How I live my faith

“To love at all is to be vulnerable. Love anything, and your heart will certainly be wrung and possibly broken. If you want to make sure of keeping it intact, you must give your heart to no one, not even to an animal. Wrap it carefully round with hobbies and little luxuries; avoid all entanglements; lock it up safe in the casket or coffin of your selfishness. But in that casket- safe, dark, motionless, airless--it will change. It will not be broken; it will become unbreakable, impenetrable, irredeemable.” - C.S. Lewis "And ye shall offer for a sacrifice unto me a broken heart and a contrite spirit. And whoso cometh unto me with a broken heart and a contrite spirit, him will I baptize with fire and with the Holy Ghost." - 3 Ne 9:20 "Yea, come unto Christ, and be perfected in him, and deny yourselves of all ungodliness; and if ye shall deny yourselves of all ungodliness, and love God with all your might, mind and strength, then is his grace sufficient for you, that by his grace ye may be perfect in Christ; and if by the grace of God ye are perfect in Christ, ye can in nowise deny the power of God." - Moroni 10:32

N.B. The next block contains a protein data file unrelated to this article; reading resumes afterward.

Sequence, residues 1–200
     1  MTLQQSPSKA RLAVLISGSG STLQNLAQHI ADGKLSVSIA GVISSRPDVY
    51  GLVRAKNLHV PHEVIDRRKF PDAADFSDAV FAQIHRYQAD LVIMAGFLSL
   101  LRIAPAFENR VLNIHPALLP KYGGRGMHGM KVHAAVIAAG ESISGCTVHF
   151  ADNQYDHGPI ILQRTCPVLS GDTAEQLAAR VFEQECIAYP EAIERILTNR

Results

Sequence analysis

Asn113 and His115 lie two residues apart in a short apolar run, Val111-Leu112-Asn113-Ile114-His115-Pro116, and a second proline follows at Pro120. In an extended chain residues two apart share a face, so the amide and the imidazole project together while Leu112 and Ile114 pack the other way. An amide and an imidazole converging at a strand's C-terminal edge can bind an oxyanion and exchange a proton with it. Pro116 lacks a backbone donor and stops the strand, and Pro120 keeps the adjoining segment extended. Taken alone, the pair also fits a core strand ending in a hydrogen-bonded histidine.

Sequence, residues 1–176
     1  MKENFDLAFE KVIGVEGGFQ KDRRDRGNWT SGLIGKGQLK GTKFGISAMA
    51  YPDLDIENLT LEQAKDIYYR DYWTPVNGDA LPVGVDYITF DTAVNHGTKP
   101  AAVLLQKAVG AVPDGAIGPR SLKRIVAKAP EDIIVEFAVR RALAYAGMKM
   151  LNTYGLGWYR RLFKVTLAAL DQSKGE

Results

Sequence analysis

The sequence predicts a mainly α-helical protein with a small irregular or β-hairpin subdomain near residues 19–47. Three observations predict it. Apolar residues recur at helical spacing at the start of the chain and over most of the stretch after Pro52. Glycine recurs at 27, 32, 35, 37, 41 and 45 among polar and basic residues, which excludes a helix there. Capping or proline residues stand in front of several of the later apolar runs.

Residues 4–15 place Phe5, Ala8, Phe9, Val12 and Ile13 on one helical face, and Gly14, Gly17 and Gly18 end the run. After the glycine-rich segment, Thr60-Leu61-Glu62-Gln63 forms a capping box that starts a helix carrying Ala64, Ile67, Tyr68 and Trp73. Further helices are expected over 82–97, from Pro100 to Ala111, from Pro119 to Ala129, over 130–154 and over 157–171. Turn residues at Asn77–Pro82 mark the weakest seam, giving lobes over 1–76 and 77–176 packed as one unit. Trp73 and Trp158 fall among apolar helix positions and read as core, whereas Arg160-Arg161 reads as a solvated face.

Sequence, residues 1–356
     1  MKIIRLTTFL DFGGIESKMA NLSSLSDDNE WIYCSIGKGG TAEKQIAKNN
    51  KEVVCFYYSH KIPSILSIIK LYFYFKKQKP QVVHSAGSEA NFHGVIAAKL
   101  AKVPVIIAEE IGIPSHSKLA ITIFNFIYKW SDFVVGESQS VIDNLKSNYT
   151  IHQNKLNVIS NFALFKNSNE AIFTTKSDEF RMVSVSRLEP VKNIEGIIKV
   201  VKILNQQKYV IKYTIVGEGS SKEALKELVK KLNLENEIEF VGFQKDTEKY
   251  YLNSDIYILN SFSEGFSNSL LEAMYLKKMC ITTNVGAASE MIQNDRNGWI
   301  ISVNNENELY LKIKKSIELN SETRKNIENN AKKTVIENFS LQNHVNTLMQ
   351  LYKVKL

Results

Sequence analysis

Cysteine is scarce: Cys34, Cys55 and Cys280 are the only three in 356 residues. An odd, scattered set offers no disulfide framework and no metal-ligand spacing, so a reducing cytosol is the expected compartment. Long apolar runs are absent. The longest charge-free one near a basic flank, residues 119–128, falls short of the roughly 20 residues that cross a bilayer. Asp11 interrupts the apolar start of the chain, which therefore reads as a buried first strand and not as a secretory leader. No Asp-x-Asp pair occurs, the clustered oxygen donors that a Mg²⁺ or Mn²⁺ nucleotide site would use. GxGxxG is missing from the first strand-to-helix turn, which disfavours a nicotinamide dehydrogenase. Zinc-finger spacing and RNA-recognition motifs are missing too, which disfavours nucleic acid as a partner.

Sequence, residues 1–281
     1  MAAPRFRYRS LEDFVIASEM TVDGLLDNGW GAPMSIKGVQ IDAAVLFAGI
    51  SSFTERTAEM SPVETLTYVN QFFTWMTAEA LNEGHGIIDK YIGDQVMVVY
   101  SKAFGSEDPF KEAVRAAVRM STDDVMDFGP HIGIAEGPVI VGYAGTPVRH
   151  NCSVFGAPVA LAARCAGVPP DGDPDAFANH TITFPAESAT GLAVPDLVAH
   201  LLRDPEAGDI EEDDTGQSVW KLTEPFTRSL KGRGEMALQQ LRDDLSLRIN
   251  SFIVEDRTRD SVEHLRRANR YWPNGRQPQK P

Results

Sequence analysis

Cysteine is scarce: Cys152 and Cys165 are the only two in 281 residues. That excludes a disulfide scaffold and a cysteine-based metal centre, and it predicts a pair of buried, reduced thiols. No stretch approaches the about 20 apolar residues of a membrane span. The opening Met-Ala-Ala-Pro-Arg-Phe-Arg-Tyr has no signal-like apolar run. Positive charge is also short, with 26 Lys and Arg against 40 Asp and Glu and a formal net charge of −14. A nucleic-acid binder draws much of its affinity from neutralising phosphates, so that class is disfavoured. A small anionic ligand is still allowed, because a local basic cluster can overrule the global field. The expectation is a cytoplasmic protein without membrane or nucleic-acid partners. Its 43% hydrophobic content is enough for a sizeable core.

What are Mormon church services like? Are visitors allowed at church meetings? Can I attend church?

Dustin Harker
Visitors are always welcome. (We don't send out thousands of missionaries across the world to find interested and searching souls, only to close our doors to those who would like to see what we do.) Come and see for yourself how we worship. There are 3 meetings, each roughly an hour. The first is Sacrament Meeting, which is a standard church service where we gather in a chapel to hear sermons. The speakers change each week, as they are simply members of the congregation who previously agreed to prepare a talk on a given topic. We also share the sacrament, a rite similar to Catholic communion (though performed quite differently), hence the name for the meeting. The second hour is Sunday School, where we split off according to age or experience and have themed discussions. The third is Priesthood and Relief Society where the men instruct the men and the women instruct the women. The actual order of these meetings will vary from congregation to congregation. Show more Show less